This waterfront spot on Penobscot Bay is where Nordic Aquafarms would like to bury its intake and outfall pipes. Credit: Abigail Curtis | BDN

BELFAST, Maine — The value of a mudflat could be more than anyone would think, according to a lawsuit filed by a Belfast couple embroiled in a land dispute over the intertidal zone adjacent to their property.

They’re asking the court to grant them special damages that could include as much as $1.2 million for the alleged loss of “value and marketability” for their waterfront property.

The couple, Jeffrey R. Mabee and Judith B. Grace, who own Little River Center at 290 Northport Ave., last week filed suit in U.S. District Court against their neighbors, Janet and Richard Eckrote.

Credit: Courtesy of United States District Court for the District of Maine

At dispute is who actually owns the sliver of intertidal zone next to the Eckrotes’ house. The Eckrotes say they do, but Mabee and Grace have disputed that in two lawsuits — a civil suit filed in Waldo County Superior Court this summer and a new federal suit. They maintain they are the clear owners of the land.

Ownership of the mudflat is important because it’s where Nordic Aquafarms intends to bury pipes to funnel water to and from Penobscot Bay. Access to the bay is critical for the land-based salmon farm the company wants to build on the inland side of U.S. Route 1.

The attorney representing the Eckrotes in the first lawsuit said that she believes Mabee and Grace have a different target than her clients.

“This is a lawsuit that has everything to do with Nordic that Nordic’s not even named in,” Sarah Gilbert of Camden Law said of the federal suit.

Watch: Why so many fish farms are slated to open in Maine

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The Eckrotes have entered into a lease agreement with Nordic Aquafarms to allow the company to cross their property to access the bay. But Mabee and Grace would obstruct those plans if the court declares them the owner of the property, and have already put the intertidal zone into a conservation easement held by Upstream Watch, a Belfast-based nonprofit that opposes the fish farm.

According to the lawsuit, Mabee and Grace claim the 1946 deed from waterfront landowner Harriet L. Hartley to Fred R. Poor, Janet Eckrote’s grandfather, clearly shows that Hartley retained the intertidal land for herself. Hartley, whose property is now owned by Mabee and Grace, did that by inserting language indicating that the waterside boundary is “along high water of Penobscot Bay.”

Those boundaries are listed on various deeds written over the years, but a 2012 deed replaced it with erroneous language, according to plaintiffs. That recent deed says that the waterside boundary is “along said bay,” and not “along high water of Penobscot Bay,” the lawsuit said, alleging the new language adds up to an intentional concealment by the Eckrotes.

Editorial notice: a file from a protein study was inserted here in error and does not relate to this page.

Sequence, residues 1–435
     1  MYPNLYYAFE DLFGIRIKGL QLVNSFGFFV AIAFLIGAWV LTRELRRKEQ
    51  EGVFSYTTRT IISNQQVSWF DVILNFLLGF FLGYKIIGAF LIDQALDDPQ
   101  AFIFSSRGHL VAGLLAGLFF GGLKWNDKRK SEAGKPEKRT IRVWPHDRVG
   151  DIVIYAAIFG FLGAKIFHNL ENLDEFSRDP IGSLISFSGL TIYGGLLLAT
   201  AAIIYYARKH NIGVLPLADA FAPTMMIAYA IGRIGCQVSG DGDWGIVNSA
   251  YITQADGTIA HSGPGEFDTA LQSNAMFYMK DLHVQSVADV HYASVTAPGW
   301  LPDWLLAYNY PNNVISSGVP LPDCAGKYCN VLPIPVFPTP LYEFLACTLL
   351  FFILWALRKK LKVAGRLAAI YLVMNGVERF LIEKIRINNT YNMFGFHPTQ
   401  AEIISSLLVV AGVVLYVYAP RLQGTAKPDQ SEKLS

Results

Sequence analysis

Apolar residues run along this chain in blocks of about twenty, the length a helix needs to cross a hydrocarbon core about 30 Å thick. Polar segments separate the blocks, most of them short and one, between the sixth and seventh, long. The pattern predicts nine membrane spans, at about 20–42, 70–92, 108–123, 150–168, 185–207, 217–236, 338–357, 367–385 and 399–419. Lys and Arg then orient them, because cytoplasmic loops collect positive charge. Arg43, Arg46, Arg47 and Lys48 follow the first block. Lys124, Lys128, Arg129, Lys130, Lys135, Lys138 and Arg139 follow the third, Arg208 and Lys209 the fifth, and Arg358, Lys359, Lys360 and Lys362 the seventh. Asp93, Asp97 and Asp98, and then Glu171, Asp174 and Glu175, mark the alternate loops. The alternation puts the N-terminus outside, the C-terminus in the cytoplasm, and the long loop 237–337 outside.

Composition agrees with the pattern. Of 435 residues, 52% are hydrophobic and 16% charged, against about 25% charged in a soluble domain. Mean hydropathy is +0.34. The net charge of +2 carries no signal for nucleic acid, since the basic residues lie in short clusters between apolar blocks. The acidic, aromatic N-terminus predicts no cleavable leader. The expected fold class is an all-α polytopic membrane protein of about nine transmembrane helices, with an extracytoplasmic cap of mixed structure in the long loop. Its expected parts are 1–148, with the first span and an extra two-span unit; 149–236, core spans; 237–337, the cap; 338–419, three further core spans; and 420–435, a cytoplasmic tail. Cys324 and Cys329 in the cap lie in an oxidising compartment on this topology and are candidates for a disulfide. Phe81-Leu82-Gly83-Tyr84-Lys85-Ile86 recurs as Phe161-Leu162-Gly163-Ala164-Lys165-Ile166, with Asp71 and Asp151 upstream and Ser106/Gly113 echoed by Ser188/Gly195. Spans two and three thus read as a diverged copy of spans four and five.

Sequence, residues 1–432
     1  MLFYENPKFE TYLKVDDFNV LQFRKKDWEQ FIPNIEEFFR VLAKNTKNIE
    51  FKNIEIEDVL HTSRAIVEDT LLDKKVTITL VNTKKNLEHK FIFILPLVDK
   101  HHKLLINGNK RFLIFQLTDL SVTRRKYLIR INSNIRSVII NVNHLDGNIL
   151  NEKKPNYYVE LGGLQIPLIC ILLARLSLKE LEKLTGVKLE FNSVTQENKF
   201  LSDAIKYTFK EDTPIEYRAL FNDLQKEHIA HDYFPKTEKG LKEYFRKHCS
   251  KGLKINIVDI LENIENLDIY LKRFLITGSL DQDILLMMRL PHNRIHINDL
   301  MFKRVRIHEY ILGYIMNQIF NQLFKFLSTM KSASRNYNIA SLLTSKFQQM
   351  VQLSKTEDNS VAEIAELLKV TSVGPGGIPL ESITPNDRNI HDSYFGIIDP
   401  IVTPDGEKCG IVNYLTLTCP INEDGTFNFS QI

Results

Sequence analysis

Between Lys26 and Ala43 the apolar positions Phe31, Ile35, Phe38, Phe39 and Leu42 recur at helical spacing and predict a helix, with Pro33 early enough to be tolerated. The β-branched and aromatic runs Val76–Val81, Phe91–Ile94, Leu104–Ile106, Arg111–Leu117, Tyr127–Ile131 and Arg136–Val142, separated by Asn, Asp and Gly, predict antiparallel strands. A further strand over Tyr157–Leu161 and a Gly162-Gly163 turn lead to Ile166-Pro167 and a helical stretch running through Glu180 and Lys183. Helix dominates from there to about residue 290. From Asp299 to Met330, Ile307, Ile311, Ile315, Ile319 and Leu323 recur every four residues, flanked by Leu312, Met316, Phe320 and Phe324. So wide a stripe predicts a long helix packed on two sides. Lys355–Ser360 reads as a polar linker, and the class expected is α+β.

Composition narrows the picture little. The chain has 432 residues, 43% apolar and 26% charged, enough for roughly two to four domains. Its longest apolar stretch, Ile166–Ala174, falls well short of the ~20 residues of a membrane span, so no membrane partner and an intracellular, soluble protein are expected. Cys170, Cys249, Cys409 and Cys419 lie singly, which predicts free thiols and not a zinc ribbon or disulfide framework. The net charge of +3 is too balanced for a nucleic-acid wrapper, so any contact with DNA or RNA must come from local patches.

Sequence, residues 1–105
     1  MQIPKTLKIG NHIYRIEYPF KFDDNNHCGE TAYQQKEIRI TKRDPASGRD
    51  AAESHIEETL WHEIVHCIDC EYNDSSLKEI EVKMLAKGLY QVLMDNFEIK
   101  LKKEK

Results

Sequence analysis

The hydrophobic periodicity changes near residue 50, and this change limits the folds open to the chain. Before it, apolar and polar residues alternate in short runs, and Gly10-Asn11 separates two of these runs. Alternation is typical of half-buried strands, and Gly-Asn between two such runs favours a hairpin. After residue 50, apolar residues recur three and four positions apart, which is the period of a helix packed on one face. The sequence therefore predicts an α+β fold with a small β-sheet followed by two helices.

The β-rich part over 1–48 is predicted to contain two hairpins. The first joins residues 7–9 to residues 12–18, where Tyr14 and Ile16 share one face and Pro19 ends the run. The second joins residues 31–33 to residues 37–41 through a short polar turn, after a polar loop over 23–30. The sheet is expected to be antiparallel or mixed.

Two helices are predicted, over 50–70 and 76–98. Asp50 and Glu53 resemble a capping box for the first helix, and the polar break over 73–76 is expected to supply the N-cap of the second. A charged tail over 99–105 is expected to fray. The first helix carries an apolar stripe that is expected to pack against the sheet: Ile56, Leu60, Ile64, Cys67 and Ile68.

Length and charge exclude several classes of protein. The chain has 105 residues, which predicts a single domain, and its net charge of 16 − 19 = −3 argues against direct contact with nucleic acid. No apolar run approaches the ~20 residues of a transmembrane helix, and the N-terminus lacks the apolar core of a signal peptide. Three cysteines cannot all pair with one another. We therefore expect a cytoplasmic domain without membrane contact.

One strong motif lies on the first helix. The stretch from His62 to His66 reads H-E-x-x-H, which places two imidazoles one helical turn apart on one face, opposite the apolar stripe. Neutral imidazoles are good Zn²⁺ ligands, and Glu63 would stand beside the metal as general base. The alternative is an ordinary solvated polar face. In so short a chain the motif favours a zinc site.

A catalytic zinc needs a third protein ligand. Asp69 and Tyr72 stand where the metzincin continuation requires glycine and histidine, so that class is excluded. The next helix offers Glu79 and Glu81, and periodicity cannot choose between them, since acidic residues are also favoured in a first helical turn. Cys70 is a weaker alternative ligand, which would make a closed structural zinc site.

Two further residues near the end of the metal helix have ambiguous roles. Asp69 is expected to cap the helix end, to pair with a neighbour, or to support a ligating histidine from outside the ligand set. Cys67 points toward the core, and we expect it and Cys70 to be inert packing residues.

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“What [the Eckrotes] have really done is tie up our client’s property,” Dana Strout of Rockport, one of the attorneys for Mabee and Grace. “They’ve slandered the property by saying that they own it when they clearly don’t … what the case is about is that they have claimed ownership over property they were never properly deeded. We want them to renounce that claim.”

But Gilbert, the Eckrotes’ attorney, said that she believes the case is about something else: money.

Prior to filing lawsuits against Eckrotes and Nordic Aquafarms, Mabee and Grace wanted to sell their property to Nordic for $1 million. But that didn’t happen, Gilbert said.

“This is about a disgruntled neighbor who lost a business deal,” she said. “It’s a basic title dispute. To assert our answer to their lawsuit is slanderous in some way is outrageous. There’s no other word for it. Now they are asking for more in this new lawsuit. It’s all about the money.”

The complaint, which was filed on Sept. 19 by Mabee and Grace’s attorneys, Strout and Kim Ervin Tucker, of Lincolnville, said that the Eckrotes allegedly false statements about the ownership of the land have caused the plaintiffs to incur “substantial special damages.” Those damages include litigation costs and the loss of value and marketability of the Mabee-Grace property, which is valued at a minimum of $700,000 and as much as $1.2 million.

According to Strout, the case seems complicated, but in some ways it is simple.

“It’s about getting clear title to land,” he said, adding that the Eckrotes have not corrected the mistake his clients believe they are making. “They have refused to renounce it. They’re claiming even more strongly that they own it now, and we had no choice other than to file a lawsuit to get title to our property.”

But Gilbert called the new suit filed by Mabee and Grace against her clients “disturbing.”

“The plaintiffs in this case know that the Eckrotes are just two people, with normal jobs and normal lives. They’re not rich by any means,” she said. “[The plaintiffs] real [issue] here is with Nordic, [but] they’re going after the little guy.”

The attorney speculated that through the federal suit, Mabee, Grace and their attorneys have an ulterior motive — to cause her clients “so much stress and heartache” that they will give up on their land lease deal altogether.

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